How to be Sane written by Philippa Perry is a short, and surprisingly a good book to read. This book is a part of The School of Life series which takes a different approach to introduce self-help genre, in an intelligent way. For more information on The School of Life, please refer to my previous post.
Philippa Perry is psychotherapist and in this book she offers some pragmatic insight on observing one’s attitude, reactions or thought process. She argues that there are four cornerstones to being sane, to being conscious. Self-observation is one, other being your relationship with others (Man is a social being ~ Seneca), the Good Stress & our own perspective.
She starts with a short introduction to how a human being’s mind work, and then takes a reader to a number of pragmatic approaches through exercises that are designed to strength our capacity to recover from adversities. She clearly warns each reader that some of these approaches or exercises may work for some and may not work. It is similar to what is our perspective to the situation or adversity and the approach we take to overcome it.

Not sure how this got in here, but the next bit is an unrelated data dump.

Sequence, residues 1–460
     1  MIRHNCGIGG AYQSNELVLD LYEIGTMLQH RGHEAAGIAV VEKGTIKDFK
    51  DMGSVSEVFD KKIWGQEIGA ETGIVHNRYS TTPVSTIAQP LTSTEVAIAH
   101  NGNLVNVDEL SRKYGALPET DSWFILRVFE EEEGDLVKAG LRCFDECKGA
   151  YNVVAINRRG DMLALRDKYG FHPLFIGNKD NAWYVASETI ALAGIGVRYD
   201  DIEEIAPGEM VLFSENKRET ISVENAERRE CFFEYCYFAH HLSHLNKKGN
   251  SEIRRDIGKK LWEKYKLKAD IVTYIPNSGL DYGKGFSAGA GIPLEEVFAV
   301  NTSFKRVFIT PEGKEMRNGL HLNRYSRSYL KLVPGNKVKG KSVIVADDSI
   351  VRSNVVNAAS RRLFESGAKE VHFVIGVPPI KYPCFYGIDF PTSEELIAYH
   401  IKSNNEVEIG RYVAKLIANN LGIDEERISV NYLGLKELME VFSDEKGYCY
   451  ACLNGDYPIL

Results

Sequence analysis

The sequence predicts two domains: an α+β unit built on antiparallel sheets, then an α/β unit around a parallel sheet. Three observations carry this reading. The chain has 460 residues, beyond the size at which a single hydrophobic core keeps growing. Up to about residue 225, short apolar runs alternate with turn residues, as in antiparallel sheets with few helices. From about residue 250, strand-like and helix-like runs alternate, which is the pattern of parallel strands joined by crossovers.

Sometimes , I get carried away under stress and stop observing my surroundings which results in a sequence of thoughts that conquer my mind and are unrelated to my feeling of that particular situation. This is not a good approach, instead I should stay focused. Well, this book suggest an exercise to stay focus, in general. She calls it, the Grounding Exercise:
To begin with Self-Observing, ask yourself:
What am I feeling?
What am I thinking now?
What am I doing at this moment?
How am I breathing?
Philippa Perry suggests some more exercises which we should consider in forming a habit of. Such as physical exercise, keeping a diary, practising investing in relationships, being keen on to differentiate between Good Stress and bad one, giving attention to our thoughts while doing automated or monotonous work like washing dishes or making coffee, and learning new things. Learning new things is important and useful for the mind.
The last chapter of the book, “What’s the story?” concerns with the patterns we develop to deal with a variety of situations. Sometimes, these patterns might serve us well but other times, they may not work at all. In those times, when these design patterns don’t work out for us, she suggests that we should edit these patterns, bend them in a way that they work.
I enjoyed reading this book and I think you will too. This book is of the length of a novella and you will comfortably finish it in one sitting or two.
Have a good read.
4 out of 5!